The Power of Google

If you google “pike creek valley dog walkers,” an image of my beaming parents and our grumpy-looking mutt Shadow pops up on the right side of the screen. The link to the web site that my dad created for their dog walking business appears second to the top of the list of search results, beneath only an ad. Because my dad included our address in the information he provided on the site, Google also shows (slightly horrifyingly) a picture of the front of my house taken from Google Earth. My parents are highly visible, even down to the place where they live.

I mention this somewhat creepy phenomenon (which, to be honest, I didn’t even know about until a few minutes ago) because as I was reading through Chapter Four of Blown to Bits, the section about Search Engine Optimization (148-151) triggered a memory in my brain. A few years ago, while my parents were struggling to get their tiny business off the ground after both getting laid off from their jobs, my dad explained to me how he shot their web site to the top of the Google list. This morning I called home so that he could explain again what he did.

“I included almost every related search term that I could possibly think of on the home page,” he reminisced proudly. “But the trick is, I typed them in really small font, and I typed them in the same color as the background of the page.”

When he had first told me about this method years ago, it didn’t occur to me that it could be seen as unethical or that Google could potentially take down the site. Even now, I don’t think it’s a bad thing; without popping up at the top of the list, my parents might not have been able to stir up enough customers to keep their business alive. To be honest, I’m not even sure how much my dad’s effort to move them to the top of the list actually has to do with their placement. But this week’s reading, in connection with my parents’ experiences with starting a small business, has shown me that search engines, Google in particular, can bestow the power of visibility on people and businesses. And this power has a very real impact on real people’s lives.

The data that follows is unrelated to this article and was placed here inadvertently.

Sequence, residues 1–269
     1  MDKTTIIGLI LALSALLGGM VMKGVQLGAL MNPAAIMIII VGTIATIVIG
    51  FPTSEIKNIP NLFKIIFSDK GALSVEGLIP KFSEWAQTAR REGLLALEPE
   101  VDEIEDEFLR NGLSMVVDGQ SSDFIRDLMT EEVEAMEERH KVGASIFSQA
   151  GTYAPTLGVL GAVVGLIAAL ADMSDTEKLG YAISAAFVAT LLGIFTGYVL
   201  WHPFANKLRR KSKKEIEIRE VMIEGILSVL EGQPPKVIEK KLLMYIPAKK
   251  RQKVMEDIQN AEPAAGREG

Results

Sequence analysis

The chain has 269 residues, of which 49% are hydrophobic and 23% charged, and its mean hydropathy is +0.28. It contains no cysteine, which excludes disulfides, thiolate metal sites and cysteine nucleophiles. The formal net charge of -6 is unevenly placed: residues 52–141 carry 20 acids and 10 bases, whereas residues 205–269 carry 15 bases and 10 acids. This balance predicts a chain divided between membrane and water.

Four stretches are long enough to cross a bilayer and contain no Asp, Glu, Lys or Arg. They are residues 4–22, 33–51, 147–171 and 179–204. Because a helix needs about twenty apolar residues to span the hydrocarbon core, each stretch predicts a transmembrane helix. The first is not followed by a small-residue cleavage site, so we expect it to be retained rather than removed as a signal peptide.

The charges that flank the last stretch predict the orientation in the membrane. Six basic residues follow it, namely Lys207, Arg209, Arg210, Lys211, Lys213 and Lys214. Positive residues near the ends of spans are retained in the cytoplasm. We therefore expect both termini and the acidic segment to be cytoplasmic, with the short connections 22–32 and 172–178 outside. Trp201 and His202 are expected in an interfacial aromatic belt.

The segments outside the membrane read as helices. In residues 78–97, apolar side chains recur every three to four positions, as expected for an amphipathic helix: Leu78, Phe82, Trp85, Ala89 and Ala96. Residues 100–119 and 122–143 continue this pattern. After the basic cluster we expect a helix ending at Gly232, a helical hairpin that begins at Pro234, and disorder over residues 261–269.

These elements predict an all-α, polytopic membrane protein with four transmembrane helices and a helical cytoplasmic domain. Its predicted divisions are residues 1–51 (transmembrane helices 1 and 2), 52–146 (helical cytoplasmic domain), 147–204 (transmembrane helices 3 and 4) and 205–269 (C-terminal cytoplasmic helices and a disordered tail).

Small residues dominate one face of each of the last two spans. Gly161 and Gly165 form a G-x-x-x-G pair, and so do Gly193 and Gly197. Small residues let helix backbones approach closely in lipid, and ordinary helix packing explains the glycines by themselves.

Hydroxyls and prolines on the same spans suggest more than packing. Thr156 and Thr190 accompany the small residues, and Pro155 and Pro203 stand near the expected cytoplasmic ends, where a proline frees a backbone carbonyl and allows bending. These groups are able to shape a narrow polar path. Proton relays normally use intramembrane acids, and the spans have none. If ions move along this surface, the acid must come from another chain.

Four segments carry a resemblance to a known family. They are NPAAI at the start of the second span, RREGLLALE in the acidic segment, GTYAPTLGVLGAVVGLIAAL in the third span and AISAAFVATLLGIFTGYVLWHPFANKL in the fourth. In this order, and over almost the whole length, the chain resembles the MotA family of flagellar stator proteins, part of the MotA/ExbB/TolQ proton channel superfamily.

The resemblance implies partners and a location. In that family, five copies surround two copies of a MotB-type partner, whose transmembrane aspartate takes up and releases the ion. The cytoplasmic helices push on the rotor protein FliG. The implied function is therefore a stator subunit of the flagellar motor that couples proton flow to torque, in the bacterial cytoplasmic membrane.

Google is complicated. It has hidden algorithms and can save information that people would prefer to delete and ultimately, for many of us, determines what we see and what we don’t. It contains enormous power hidden in a form that most of us rarely even question; I originally considered writing about Google’s censorship of itself for this blog post, and I found myself searching for the information—you got it—on Google. Do you find the power of this one search engine to be alarming, simply convenient, or something else altogether?

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1 Response to The Power of Google

  1. Olivia Henley says:

    I find myself unable to properly answer your question. I find Google complicated as well. To me, it’s almost as if Google is splitting me into this dual-personality. On one hand, as one person, I despise Google. How dare it readily create its own algorithms and decide what I will find important. How dare Google show images of my house, to where you can see my cat perched on the windowsill in the front. It’s disturbing. It’s an invasion of privacy and it’s so easily overlooked that it’s a travesty.

    On the other hand, I’m not going to lie: I use Google every day I use a computer or every time I use the web on my phone. I love Google’s convenience, it’s dominance (because clearly Bing and Yahoo! aren’t real competitors), and it’s ability to define conversations between business and people, people and people, as well as give us directions to the nearest restaurants, tattoo parlors, even dog walkers. To show us the ratings for these destinations, and tell us the prices. The ease Google provides is undeniable.

    It’s horrifying, and I hate it, but I use it, and will continue to do so. It’s not just convenience. It’s that there’s no way around the data being collected on me, no way around the algorithms.

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